Readers are always surprised to hear that I’m someone who loves etiquette (in a feminist, sometimes rule breaking sort of way). I can tell you that on a wedding invitation “Requests the honor of your attendance” signals a religious wedding, and “Requests the pleasure of your company” means a secular service. I know that people (couples or no) with different last names have their names and honorifics written on separate lines (ladies first), which is both a technical etiquette rule and a practical one (because have you tried fitting two honorifics, two first names, and two last names on one line of an envelope? It gets crowded up there). I also can tell you that if you have an inner envelope, children’s names are only listed there (in a charming nod to privacy). I’m a veteran rule breaker, but when it comes to things like wedding invitations, I like to consider myself a knowledgeable one.
Because it’s that time of year, we wanted to do an open thread on wedding invitation wording (and yes, we’ll round up your best stuff). But before we get there, I thought I’d do my best to answer the etiquette questions flooding our mailbox, both about wedding invitation wording and envelope addressing, with my decidedly Progressive Traditionalist, feminist spin. Your mileage may vary.
- What you put on the invitation matters a lot more than what you put on the envelope. As long as you manage to not deeply screw up, most people will never remember the envelope. They won’t remember the invitation either, but you might. Our wedding invitation, with its historical data (names, dates, places), and emotional significance, is one of the wedding mementos that has already stood the test of time. I have a feeling it will be around for awhile.
- Address people as they wish to be addressed (to the extent that you know). If your widowed granny likes to be addressed as Mrs. John Smith, for god’s sake address her that way. Refusing to do so is just as obnoxious as the relatives who refuse to address you as Ms., when that’s what you go by.
- Related. Somewhere or other, people got that idea that even if a woman goes by Ms. Her Last, if they’re hiring a calligrapher and doing formal wedding invitations, they have to address the couple as Mr. and Mrs. Hislast, or it’s not properly formal. Bullshit. What’s improper (period) is addressing people by names that are not theirs. The correct form of address is (over two lines): Ms. Herlast / Mr. Hislast. All of us Ms.’s thank you in advance.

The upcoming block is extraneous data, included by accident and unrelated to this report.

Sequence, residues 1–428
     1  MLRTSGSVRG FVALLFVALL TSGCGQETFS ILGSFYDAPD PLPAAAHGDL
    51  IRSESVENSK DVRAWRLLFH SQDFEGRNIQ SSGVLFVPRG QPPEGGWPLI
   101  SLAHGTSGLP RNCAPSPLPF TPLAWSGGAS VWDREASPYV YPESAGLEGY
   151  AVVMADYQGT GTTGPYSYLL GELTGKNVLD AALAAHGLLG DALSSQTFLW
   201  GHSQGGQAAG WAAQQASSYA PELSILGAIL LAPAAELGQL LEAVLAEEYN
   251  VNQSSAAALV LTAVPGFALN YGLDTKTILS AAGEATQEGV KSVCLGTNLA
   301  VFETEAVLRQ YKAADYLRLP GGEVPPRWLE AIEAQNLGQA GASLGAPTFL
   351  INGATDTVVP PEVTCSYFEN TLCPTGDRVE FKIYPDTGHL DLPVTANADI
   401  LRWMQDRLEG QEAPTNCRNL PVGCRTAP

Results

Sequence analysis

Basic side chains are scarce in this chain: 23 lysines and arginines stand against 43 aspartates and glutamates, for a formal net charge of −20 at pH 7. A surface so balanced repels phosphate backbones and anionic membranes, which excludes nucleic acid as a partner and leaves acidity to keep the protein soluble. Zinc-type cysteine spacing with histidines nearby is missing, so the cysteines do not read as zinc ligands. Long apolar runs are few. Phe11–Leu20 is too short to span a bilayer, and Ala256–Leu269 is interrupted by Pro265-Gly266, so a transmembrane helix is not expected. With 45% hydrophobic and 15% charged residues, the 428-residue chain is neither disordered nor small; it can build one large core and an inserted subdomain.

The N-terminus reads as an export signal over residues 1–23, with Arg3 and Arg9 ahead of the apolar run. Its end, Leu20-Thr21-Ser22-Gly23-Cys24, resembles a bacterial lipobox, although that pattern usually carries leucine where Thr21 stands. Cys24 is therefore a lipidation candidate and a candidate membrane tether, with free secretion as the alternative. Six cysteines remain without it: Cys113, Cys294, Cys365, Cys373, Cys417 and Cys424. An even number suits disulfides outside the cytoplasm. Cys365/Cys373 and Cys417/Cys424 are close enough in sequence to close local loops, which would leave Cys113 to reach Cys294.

- And finally, there is the always tricky “hosted by” line at the top of the wedding invitation. Once upon a time, it was always the bride’s parents listed up there “Mr. and Mrs. Wombly-Plat request the honor of your presence…” These days, it’s flexible, and therefore, confusing. Maybe you list both sets of parents. Maybe you word it so that you’re the ones hosting, maybe you use the general “together with their families.” But to answer our number one email etiquette question, no matter what the parent who’s grumpily writing a big check tries to convince you, being listed as a host at a wedding is an honor, not something that is sold to the highest bidder. If so-and-so’s mom is writing a big check, and so-and-so’s family can’t write a check but loves you very much, and you want to honor both, you honor both. There is no “way to show who contributed more financially,” in listing order, because in short, that’s no one’s goddamn business. Honor who you want to honor, and nicely tell the check writers to kiss off. xo, Meg
And with that, I’d like to turn the reins over to you, APW. How did you word your invitations? Anything steal-able? Any questions for the team?
P.S. There is nothing we write at APW that causes a greater furor than etiquette. I find it a little dizzying, but it’s true that one of our greatest comment kerfluffles to date was over whether or not you have to send Thank You notes. You do, by the way. (Fun fact, now-APW-Managing-Editor, then-reader Maddie asked that question. She just informed me she still hasn’t sent Thank You’s, so I’m just going to sick Alyssa on her, because she deserves it.) It seems that the problem with discussing etiquette is that people dislike the faintest whiff being told what to do, though I like to think of etiquette as giving us some shared rules of the road to bend as needed. So let’s reframe it this way: it’s so much easier to break the rules (or makes a statement) in a way that makes sense if you know what the rules are in the first place. Or this is what my WASP Jewish feminist Progressive Traditionalist self believes.
Photo Up Up Creative.